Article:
|Date||Location||Category||Age||# Jumps||AAD?/RSL?||Dropzone.com Report||Dropzone.com Discussion|
|10/06/2001||Delmarva, DE||MAL||45||600||Y/?|| || |
|Description: This jumper was participating in 3 way headdown skydive from a Twin Otter which was uneventful until break off at 6,000 ft. At break off, as he tracked away, another jumper on the dive observed what is believed to be his main bridle flapping on his back. It appears that the bridle caused the main pin to be extracted, causing the main bag to come out from the pack tray, leading to a horseshoe malfunction occurred. It is believed that this jumper was unable to extract the pilot chute from its pouch and was left with no other option but to cutaway and deploy his reserve parachute. The main canopy was held in the D-bag by one rubber band stow that contained some of the lines from the group. The reserve freebag did not completely clear the reserve and the bulk of the reserve canopy remained held in the freebag by one rubber band stow. Partial inflation of the reserve canopy occurred pulling him into a vertical position. He was observed by others on the load and on the ground observers to be attempting to clear the problem until impact with the grass runway, which killed him instantly. He was wearing Mirage harness/container.|
|Lessons:A loose bridle in freefall is a serious situation. This is particularly true for freeflying, because the airflow can come more directly in contact with the bridle and pin. The correct solution for this problem is to deploy the main pilot chute, but it may be very difficult to find if the main is no longer in the tray. This is perhaps the most significant problem with BOC deployment systems. However, while switching to an ROL-mounted pilot chute makes finding the pilot chute easier in this type of malfunction, it makes the likelihood of this type of malfunction much higher in the first place. Perhaps a new type of deployment pouch which loosens when the main leaves the packtray could solve this type of problem? Until such a time, keep your bridles well-stowed, and your closing loops tight. Additionally, some methods of packing pilot chutes are purported to not "jam", and to allow the pilot chute to cleanly escape the pocket if the bridle comes under tension - you might ask around and find someone to show you such a method. A study examining this in a controlled setting would be very valuable...|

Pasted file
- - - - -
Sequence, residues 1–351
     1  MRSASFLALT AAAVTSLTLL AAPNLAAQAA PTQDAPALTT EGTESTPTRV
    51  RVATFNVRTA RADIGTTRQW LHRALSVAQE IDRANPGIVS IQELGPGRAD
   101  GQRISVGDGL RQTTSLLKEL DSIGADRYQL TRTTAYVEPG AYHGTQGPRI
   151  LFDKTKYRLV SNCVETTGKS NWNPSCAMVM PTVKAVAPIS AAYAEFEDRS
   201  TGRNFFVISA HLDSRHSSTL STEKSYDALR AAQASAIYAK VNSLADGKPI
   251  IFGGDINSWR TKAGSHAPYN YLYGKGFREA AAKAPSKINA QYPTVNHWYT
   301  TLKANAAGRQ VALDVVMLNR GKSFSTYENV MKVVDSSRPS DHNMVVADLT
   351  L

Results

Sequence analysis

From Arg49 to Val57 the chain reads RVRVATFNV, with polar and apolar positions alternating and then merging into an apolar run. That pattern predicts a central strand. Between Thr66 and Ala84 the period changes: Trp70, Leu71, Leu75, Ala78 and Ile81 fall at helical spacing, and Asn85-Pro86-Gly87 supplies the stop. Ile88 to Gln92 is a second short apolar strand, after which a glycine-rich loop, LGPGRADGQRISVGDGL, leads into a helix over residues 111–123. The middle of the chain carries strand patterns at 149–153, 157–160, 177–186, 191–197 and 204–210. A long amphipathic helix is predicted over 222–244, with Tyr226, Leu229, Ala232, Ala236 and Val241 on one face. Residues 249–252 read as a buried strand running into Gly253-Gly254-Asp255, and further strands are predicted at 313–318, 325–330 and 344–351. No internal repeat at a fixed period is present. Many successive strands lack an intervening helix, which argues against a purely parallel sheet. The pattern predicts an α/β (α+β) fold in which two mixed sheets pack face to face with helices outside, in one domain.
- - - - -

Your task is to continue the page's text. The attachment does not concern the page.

|USPA Description: After a 3-way head-dwon skydive, this jumper was observed at breakoff with what appeared to be the main bridle looping out from behind the container. He landed very hard under a partially inflated reserve parachute.|
|USPA Conclusions:Initial inspection of the equipment and witness accounts suggest that there was a horsesho malfunction, which resulted in the main and reserve parachutes entangling. The main bridle had wrapped around the main and reserve parachutes entangling. The main bridle had wrapped around the last locking stow of the reserve freebag (deployment bag), which prevented the reserve from completely inflating.
Horseshoe malfunctions, where part of the main is entangled with the jumper, are one of the most dificult malfunctions a skydiver can face. Every effort should be made to prevent this type of malfunction. This includes correct closing of the container and packing of the main pilot chute, correct stowing of the main bridle, proper length of the main closing loop to ensure the container is not easily opened, pin checks before exiting the aircraft and use of a proper container for the type of skydive planned.